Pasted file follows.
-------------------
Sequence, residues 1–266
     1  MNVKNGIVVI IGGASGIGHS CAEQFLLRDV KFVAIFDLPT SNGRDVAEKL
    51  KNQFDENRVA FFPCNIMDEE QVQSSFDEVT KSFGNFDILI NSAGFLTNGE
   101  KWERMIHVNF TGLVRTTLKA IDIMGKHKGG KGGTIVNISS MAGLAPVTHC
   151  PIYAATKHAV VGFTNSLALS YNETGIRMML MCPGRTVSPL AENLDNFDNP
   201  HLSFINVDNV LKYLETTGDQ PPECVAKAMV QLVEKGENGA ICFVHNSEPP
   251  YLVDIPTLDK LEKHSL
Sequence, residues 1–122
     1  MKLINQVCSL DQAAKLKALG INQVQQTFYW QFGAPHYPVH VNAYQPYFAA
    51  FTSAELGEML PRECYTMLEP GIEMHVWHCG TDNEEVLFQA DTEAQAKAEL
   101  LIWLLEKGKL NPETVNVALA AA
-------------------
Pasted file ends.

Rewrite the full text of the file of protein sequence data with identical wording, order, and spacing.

Sequence, residues 1–266
     1  MNVKNGIVVI IGGASGIGHS CAEQFLLRDV KFVAIFDLPT SNGRDVAEKL
    51  KNQFDENRVA FFPCNIMDEE QVQSSFDEVT KSFGNFDILI NSAGFLTNGE
   101  KWERMIHVNF TGLVRTTLKA IDIMGKHKGG KGGTIVNISS MAGLAPVTHC
   151  PIYAATKHAV VGFTNSLALS YNETGIRMML MCPGRTVSPL AENLDNFDNP
   201  HLSFINVDNV LKYLETTGDQ PPECVAKAMV QLVEKGENGA ICFVHNSEPP
   251  YLVDIPTLDK LEKHSL
Sequence, residues 1–122
     1  MKLINQVCSL DQAAKLKALG INQVQQTFYW QFGAPHYPVH VNAYQPYFAA
    51  FTSAELGEML PRECYTMLEP GIEMHVWHCG TDNEEVLFQA DTEAQAKAEL
   101  LIWLLEKGKL NPETVNVALA AA